But to Chris Gandolfo of Sparks-based Westward Strategy and Design Group, those blurbs hold a key to determining how well a company’s Web marketing strategy works.
He makes his living evaluating the effectiveness of text-based or visual ads for his clients through a process called “analytics,” in which he counts the number of clicks or tests keywords.
While most Web marketing businesses do at least that much to find out how strong a business’ presence is on the Internet, Gandolfo has taken his four years of experience and put it to the test — literally. Gandolfo recently passed an exam and became, to Westward owner and marketing specialist Kristy Crabtree’s knowledge, the only local person to be certified as a Qualified Google Advertising Professional.
“The reason I did it is, one, I wanted the experience of working with my clientele; and, two, I wanted to continue to invest in my craft and develop my skill set,” said Gandolfo, 28.
According to Google, the certification requires four basic criteria.
• The user must sign up for the program and remain in good standing.
• They must manage at least one account in AdWords, a program through which webmasters can create their own display ads and select keywords for search engines.
• They have to build and maintain an account where they manage the campaigns of their clients, who must spend at least $1,000.
• Finally, they must pass the exam.
The exam is about 110 questions long and is taken online.
“It took every bit of my four years of experience to pass,” Gandolfo said. “It was not easy. ... It covers aspect of platform analytics, campaign management, budget, how to write ads.”
For the company, it’s as if Gandolfo attained a Bachelor of Science degree but with experience instead of academics.
For the client who wants to market on the Web, the value of the certification can be equated to being a money manager, Crabtree said.
“It’s like you’re the professional who tells me where I should put the money and how to track it to get the best retail dollar,” she said. “It shows you invested time to make your business better.”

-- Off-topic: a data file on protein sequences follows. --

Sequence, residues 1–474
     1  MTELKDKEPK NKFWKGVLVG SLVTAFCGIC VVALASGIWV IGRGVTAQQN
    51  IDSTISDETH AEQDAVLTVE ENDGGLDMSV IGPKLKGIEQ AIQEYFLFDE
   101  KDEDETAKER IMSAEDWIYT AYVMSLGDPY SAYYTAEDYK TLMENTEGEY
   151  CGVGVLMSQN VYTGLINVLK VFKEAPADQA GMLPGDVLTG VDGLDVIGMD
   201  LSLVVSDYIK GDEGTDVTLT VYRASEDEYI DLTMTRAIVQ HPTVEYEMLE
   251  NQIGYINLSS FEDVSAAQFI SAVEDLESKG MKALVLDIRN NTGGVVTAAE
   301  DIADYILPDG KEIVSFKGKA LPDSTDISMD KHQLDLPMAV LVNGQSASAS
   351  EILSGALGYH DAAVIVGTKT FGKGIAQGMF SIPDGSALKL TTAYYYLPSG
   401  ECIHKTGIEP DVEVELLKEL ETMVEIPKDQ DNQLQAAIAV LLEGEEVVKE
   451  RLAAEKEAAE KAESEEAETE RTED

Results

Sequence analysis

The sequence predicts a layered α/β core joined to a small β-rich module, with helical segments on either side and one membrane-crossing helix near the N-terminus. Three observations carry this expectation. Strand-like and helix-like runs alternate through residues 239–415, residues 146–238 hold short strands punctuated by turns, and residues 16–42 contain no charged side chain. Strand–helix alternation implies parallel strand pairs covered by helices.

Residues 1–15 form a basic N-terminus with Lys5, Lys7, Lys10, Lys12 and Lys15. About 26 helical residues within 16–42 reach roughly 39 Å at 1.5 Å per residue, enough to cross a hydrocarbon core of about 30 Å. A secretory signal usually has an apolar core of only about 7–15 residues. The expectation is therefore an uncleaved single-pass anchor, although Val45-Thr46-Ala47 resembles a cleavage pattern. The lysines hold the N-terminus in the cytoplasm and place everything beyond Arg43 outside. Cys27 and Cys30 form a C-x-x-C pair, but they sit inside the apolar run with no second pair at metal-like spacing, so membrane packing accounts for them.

Being a qualified Google ad professional will equip Gandolfo to show his clients how they can improve their search engine optimization by targeting their traffic and rankings.
For example, with one client called PDUs Direct, which sells power distribution units, the Web site offers image-based advertisements, which works well because it’s a new business, Gandolfo said.
“With a brand new business, you want many eyes on it, as many as you can,” he said. “Right now, they’re averaging 12,000 to 15,000 impressions a day.”
An impression, he said, is one appearance of a rotating ad on a Web site. Many impressions is highly desirable when browsing a search engine like Google or Yahoo, which Crabtree said are the only two companies so far pushing for professional certification in Web marketing to help businesses attain the top-paid placements for ads. On Google, for example, those placements are the top few lines in a shaded box or are listed on the right-hand side of the page.
In an age in which many people go online to make purchases from home and in which 84 percent visit search engines for comparison shopping before making a purchase, companies would miss on advertising opportunities by not having their postings placed as close to the top as possible, Gandolfo said.
“(The postings) are based on the quality of the ad and quality of the landing page (the site to which the ad takes a user) and what you bid,” Gandolfo said.
Business has been slow for Westward as its clients reign in expenses, but Crabtree and her staff don’t have much time to notice.
“You have to do whatever you can to remain on the forefront,” Crabtree said. “You want to be the lead horse.”